Just as the layout and build technique of the control panel requires creative interpretation, so too will you need to decide on your own wiring methodology. We have some parts that can help. Aside from the aforementioned Perma-Proto board, there are quick-connect wires that work with the buttons and jumper wires in various lengths that can be used with a joystick or plug directly into the GPIO pins (without a Perma-Proto board). Options abound! You’ll likely need some combination of these, and may need to solder some connections.

Here’s a pinout diagram for our arcade stick. Only one wire needs to go to GND, then each of the other four goes to a different GPIO pin.

These directions apply when the stick is oriented with the header at the top. It’s fine to install the stick in a different orientation, you’ll just need to adapt the wiring connections to match.

If using quick-connect wires for buttons: the end plug tends to block adjacent pins on the GPIO header. You can trim it down a bit using an X-Acto knife or Dremel tool, or cut the plugs off and solder the wires to a Perma Proto board, or simply plan out your wiring to avoid nearby pins…

Here’s a basic no-soldering wiring setup we use for TV gaming with one joystick and two buttons, using 5 female-to-female jumpers (small white squares) for the joystick and two unmodified quick connects (larger white rectangles) for the buttons. Notice how the quick connects each span a GPIO and adjacent ground pin.

It’s a pretty basic layout, but sufficient to accommodate quite a few classic games. For the remaining seldom-used functions (coin insert, start game), a regular USB keyboard is kept nearby.

An example case I made from laser-cut acrylic, but any workable material will do. A cigar box makes a great fit!

The case should be at least 50mm (2 inches) deep to accommodate the buttons and solderless connectors.

The shelf at the top holds a small USB keyboard. This is a catch-all for seldom-used functions (e.g. coin or game start). Only the essential controls were assigned to arcade buttons…but keep adding others if you like!

Portable Gaming

For handheld projects, the principles are the same as above, just squeezed into a very constrained space. Smaller components are used and the connections are a bit more challenging.

You’ll find examples in our PiGRRL, PiGRRL 2, Pocket PiGRRLPiGRRL Zero and Super Game Pi projects.

Most of these use a PiTFT display, so there’s a set of GPIO pins that are off-limits. Otherwise, it’s all the same idea…buttons wired to GPIO and ground pins.

The Raspberry Gear project uses a different approach…a microcontroller acts as an intermediary to the Pi’s USB port.

In earlier projects, we’d hack apart an actual game controller to repurpose the buttons and circuit boards. More recently, we’ve started producing custom gamepad PCBs to which buttons and wires can be soldered:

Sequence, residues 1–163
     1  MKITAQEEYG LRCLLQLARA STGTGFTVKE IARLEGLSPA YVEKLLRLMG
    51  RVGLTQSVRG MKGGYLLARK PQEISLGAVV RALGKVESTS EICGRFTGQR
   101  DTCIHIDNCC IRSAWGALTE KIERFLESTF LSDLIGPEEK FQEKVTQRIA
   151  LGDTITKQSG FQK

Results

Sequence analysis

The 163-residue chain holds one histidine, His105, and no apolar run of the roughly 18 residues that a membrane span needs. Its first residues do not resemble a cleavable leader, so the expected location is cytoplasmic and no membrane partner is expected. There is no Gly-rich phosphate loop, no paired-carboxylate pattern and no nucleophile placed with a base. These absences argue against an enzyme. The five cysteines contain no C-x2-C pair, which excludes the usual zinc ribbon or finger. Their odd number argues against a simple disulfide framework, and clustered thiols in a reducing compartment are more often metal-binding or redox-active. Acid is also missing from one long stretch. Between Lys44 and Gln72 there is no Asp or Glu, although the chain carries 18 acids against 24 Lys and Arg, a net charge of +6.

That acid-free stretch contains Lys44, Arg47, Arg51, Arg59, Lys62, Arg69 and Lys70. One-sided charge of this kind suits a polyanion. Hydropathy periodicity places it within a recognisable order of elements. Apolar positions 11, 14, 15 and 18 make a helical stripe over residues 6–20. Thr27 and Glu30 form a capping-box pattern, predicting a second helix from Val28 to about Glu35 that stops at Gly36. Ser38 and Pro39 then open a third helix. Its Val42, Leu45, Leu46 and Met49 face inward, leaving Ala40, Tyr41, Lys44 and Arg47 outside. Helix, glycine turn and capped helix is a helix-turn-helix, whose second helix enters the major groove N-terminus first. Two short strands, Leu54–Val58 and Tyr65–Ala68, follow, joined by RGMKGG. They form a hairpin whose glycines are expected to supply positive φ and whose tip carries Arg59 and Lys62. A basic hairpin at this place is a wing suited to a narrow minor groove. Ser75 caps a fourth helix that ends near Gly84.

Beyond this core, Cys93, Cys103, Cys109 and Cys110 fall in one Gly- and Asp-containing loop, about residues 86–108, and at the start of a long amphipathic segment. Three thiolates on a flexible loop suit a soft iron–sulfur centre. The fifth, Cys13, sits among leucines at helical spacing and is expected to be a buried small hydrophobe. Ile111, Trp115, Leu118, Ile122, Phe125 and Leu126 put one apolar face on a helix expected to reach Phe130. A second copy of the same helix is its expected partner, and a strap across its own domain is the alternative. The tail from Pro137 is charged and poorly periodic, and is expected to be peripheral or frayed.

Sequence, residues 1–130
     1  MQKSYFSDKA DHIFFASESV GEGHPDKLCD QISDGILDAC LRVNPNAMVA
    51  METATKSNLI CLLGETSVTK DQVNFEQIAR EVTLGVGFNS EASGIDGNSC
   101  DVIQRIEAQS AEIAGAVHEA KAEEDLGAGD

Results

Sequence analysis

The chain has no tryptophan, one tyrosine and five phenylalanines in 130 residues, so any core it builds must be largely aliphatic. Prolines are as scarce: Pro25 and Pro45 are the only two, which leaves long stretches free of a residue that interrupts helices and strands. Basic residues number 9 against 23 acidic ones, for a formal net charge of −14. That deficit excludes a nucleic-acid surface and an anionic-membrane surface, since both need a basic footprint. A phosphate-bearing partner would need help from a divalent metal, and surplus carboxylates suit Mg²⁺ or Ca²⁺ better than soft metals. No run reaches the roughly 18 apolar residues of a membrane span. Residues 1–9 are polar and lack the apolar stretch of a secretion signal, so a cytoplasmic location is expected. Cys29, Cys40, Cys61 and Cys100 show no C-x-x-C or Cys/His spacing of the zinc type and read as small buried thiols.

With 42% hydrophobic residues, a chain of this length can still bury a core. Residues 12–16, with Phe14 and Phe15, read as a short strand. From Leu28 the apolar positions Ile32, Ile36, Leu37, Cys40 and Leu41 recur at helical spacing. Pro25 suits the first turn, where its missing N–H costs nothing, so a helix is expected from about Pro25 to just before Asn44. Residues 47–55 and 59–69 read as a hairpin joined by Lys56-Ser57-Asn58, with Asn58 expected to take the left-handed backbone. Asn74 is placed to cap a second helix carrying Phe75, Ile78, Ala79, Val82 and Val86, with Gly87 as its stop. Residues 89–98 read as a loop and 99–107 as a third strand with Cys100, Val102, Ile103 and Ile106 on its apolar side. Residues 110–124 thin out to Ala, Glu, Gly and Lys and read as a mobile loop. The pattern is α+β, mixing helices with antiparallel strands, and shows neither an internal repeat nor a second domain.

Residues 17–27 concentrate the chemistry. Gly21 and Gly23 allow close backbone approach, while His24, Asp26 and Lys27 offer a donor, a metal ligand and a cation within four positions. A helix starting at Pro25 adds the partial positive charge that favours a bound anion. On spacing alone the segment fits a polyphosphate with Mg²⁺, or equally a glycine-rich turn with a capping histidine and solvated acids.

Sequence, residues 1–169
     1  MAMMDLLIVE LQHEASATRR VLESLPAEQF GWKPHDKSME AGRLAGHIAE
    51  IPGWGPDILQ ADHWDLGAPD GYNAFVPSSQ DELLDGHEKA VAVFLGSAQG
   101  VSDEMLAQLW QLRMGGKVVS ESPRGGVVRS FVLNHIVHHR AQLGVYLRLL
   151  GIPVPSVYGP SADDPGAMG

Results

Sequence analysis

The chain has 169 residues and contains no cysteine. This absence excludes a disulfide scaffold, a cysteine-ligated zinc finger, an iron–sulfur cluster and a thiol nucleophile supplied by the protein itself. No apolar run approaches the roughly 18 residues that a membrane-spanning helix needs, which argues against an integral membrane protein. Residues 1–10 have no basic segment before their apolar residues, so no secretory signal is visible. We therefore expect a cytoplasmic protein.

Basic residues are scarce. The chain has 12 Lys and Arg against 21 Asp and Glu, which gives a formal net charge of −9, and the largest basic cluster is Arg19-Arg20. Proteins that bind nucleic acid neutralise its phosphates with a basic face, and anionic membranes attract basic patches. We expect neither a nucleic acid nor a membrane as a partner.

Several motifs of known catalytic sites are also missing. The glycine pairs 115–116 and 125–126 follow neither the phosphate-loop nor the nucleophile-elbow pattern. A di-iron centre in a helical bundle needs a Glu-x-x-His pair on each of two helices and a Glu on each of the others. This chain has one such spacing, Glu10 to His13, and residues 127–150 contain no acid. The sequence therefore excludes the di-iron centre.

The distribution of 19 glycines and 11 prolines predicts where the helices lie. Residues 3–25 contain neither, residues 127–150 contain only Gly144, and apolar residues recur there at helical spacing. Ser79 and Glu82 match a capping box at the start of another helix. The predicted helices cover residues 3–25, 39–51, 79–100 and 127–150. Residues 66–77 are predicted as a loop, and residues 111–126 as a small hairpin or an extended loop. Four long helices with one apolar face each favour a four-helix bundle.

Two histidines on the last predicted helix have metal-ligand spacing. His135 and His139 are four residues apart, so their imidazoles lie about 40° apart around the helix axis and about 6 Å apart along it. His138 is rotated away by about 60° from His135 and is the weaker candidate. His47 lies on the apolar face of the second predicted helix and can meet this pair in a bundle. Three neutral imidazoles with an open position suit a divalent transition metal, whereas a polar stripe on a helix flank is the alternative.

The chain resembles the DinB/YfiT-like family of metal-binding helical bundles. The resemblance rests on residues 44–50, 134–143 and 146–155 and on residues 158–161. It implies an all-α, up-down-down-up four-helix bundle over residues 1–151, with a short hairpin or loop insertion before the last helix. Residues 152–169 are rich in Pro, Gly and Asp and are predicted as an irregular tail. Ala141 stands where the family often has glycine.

Adding Controls: Software

If using a USB game controller, there’s nothing to see here…you’re done, go ahead and play! These directions apply if you’re using custom controls as covered on the prior page.

Our retrogame utility is the software glue that links our GPIO-connected controls to “virtual” keyboard input.

Some of our projects (eg PiGRRL Zero) provide a ready-made SD card image…if you’re building with the same hardware combo, it’s good to go with no changes, retrogame is already installed. Otherwise…

Download retrogame from GitHub. Select the “download ZIP” button and uncompress this file on your Raspberry Pi.

The latest versions of retrogame (as of September 2016) are configured though an easily-edited text file. If using an older release, directions for use are provided later on this page…though you might find it easier and all around better just to upgrade to a newer version. Some of our PiGRRL projects SD card images are still using the old approach…we’ll update these over time.

Running retrogame at Startup

Regardless which version of retrogame you’re running, the same procedure is used to start the software automatically in the background when the system boots…

Take note of the location of the retrogame executable…the complete, absolute pathname. This might be in a subfolder of your home directory, or in /boot, or somewhere else. Now edit the file /etc/rc.local

sudo nano /etc/rc.local

Just before the final “exit 0” line, insert a line with the full absolute pathname to retrogame, followed with a space and ampersand (&), for example:

/home/pi/Adafruit-Retrogame/retrogame &

That’s just a likely example; change the path as needed to point to the actual location of the retrogame executable.

Exit the editor, saving the changes to the file.

One more file to edit, regardless which version of retrogame you’re using. This ensures a wider range of software correctly reacts to retrogame’s simulated keyboard input…

sudo nano /etc/udev/rules.d/10-retrogame.rules

Copy and paste this one line exactly into the new file:

SUBSYSTEM=="input", ATTRS{name}=="retrogame", ENV{ID_INPUT_KEYBOARD}="1"

Exit, saving changes.

Reboot at this point to ensure everything “takes.”

New retrogame: Settings File

The latest version of retrogame reads the file /boot/retrogame.cfg on startup. An example retrogame.cfg file is included alongside the executable…you can copy this to /boot and then edit it as a starting point.

There’s a lot of stuff in there but really it’s pretty simple…most of it is comments, which start with a ‘#’ character…

# Sample configuration file for retrogame.